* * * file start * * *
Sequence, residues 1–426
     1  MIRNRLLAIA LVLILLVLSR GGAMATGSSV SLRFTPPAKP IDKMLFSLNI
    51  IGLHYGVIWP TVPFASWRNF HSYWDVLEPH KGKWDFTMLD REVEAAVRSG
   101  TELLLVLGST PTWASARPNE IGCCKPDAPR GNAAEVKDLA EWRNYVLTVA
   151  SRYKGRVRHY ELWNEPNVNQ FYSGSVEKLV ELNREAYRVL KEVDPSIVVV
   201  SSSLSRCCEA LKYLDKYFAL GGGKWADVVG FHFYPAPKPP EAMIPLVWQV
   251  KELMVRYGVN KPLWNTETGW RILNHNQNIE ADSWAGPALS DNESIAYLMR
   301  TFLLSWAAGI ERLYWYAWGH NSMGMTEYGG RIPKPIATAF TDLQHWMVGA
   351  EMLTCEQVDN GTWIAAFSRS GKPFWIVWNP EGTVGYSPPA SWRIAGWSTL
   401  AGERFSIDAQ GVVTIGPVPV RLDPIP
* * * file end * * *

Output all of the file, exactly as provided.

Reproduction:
Sequence, residues 1–426
     1  MIRNRLLAIA LVLILLVLSR GGAMATGSSV SLRFTPPAKP IDKMLFSLNI
    51  IGLHYGVIWP TVPFASWRNF HSYWDVLEPH KGKWDFTMLD REVEAAVRSG
   101  TELLLVLGST PTWASARPNE IGCCKPDAPR GNAAEVKDLA EWRNYVLTVA
   151  SRYKGRVRHY ELWNEPNVNQ FYSGSVEKLV ELNREAYRVL KEVDPSIVVV
   201  SSSLSRCCEA LKYLDKYFAL GGGKWADVVG FHFYPAPKPP EAMIPLVWQV
   251  KELMVRYGVN KPLWNTETGW RILNHNQNIE ADSWAGPALS DNESIAYLMR
   301  TFLLSWAAGI ERLYWYAWGH NSMGMTEYGG RIPKPIATAF TDLQHWMVGA
   351  EMLTCEQVDN GTWIAAFSRS GKPFWIVWNP EGTVGYSPPA SWRIAGWSTL
   401  AGERFSIDAQ GVVTIGPVPV RLDPIP